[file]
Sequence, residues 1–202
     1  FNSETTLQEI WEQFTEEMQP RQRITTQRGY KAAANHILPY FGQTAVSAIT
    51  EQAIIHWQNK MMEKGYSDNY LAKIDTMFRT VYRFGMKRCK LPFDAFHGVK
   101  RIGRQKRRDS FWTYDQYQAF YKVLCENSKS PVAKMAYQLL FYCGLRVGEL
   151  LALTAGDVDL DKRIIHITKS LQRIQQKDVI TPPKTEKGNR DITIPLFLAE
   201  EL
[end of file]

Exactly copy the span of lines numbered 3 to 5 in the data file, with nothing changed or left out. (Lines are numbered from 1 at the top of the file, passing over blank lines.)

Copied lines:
    51  EQAIIHWQNK MMEKGYSDNY LAKIDTMFRT VYRFGMKRCK LPFDAFHGVK
   101  RIGRQKRRDS FWTYDQYQAF YKVLCENSKS PVAKMAYQLL FYCGLRVGEL
   151  LALTAGDVDL DKRIIHITKS LQRIQQKDVI TPPKTEKGNR DITIPLFLAE